(Our iconic clothes 7/7) The blazer

(Our iconic clothes 7/7) The blazer

He is 26 years old and is said to be in love. In the grounds of Windsor Castle in the mid-1970s, the Prince of Wales is photographed alongside Lady Jane Wellesley. That day, Charles exudes a certain charm. His riding outfit is no stranger to it. With aviator sunglasses on his nose, the eldest to Queen Elizabeth II donned a double-breasted blazer that perfectly suited his sporty figure.

Worn with mismatched trousers, often cut in a fresco wool waistcoat, fitted with gold, silver or mother-of-pearl buttons, this jacket is revealed in this photo in majesty. Some will see it as a chic and relaxed, elegant and classic style. The others will perceive a bourgeois ensemble, stuffy and outdated. Nevertheless, the blazer has everything of an iconic garment. Its history is written in the plural. The blazer first appeared around 1820 in the rowing clubs of Britain’s leading universities. It is embroidered, adorned with a braid and cut from a canvas streaked with brightly colored stripes.

In Cambridge, a club opts for a vermilion fabric. These sparkling hues give it its name, “flamboyer” being said to blaze in English. The blazer was born a second time in 1860. “During a visit from Queen Victoria, the captain of the ship HMS Blazer asks his crew to put on a navy blue jacket adorned with brass buttons that contrasts with the white trousers,” says Hayley Edwards-Dujardin, art and fashion historian. The outfit seduced high society from 1900 for sports practice, before being popularized in the 1930s.

From Janson-de-Sailly to haute couture

In the post-war period, the baby-boom teenagers brought it up to date. “The ultimate is then to wear a blazer from the Renoma tailor with 180 moccasins from JM Weston, renamed “Janson-de-Sailly”, the students of this prestigious high school in western Paris having adopted them. It is not uncommon to see these twinks, often from good families, hanging out at the Drugstore Publicis on the Champs-Élysées,” says Raphaël Sagodira, doctoral teacher at the École du Louvre and consultant to luxury brands. But this fashion is fizzling out.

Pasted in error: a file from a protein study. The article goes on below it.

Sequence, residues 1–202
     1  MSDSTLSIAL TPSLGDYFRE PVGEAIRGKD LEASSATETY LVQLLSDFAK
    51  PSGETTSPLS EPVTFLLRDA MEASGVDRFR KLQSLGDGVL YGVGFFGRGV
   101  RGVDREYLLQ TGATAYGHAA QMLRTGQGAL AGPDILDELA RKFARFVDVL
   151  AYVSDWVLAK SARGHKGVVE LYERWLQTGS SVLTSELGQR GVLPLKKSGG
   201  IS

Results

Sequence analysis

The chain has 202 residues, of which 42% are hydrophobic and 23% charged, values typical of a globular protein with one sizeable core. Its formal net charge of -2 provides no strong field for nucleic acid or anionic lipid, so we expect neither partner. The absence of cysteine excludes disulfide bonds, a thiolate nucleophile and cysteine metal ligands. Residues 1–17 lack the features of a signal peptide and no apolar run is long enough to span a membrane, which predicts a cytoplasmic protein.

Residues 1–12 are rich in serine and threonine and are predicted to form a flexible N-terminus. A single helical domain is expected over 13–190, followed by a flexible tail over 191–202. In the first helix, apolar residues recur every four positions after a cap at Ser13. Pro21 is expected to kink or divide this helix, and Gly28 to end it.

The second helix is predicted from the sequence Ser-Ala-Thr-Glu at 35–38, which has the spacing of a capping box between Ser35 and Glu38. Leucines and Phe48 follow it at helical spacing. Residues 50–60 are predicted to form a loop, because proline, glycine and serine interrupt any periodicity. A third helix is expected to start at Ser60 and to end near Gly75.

The 1980s marked the great comeback of the blazer. The designer Ralph Lauren, inspired by students who frequent American campuses, helped popularize the Preppy style, a mixture of relaxation and conservatism.

In the meantime, this jacket has taken over the female wardrobe, notably under the influence of Yves Saint Laurent. In recent years, Olivier Rousteing at Balmain has revisited this classic by drawing marked shoulders, symbol of a powerful, emancipated woman. And today, in thrift stores, men’s pieces from the 1980s are especially sought after by… customers. “They favor large sizes with broad shoulders. Loose-fitting pants or shorts go with the whole thing,” notes Frédéric Marc Marion, founder of the Elephant Vintage Store in Lyon.

“The feeling of becoming an adult”

For men, blazers were abandoned in favor of suit jackets, or cut from fabrics in various colors and patterns. Arnaud, 34, has put his in the closet. “I no longer wear it but I remain attached to it. This blazer belonged to my father; he gave it to me for my first parties as a teenager. It touched me, I felt like I was becoming an adult,” he recalls.

In the sartorial milieu, which brings together enthusiasts of the art of tailoring, the blazer continues to be worn. But here too, he is losing ground, served by his lack of originality. Still, fashion is an eternal renewal. Will the blazer become trendy again in the men’s wardrobe? We take the bet.

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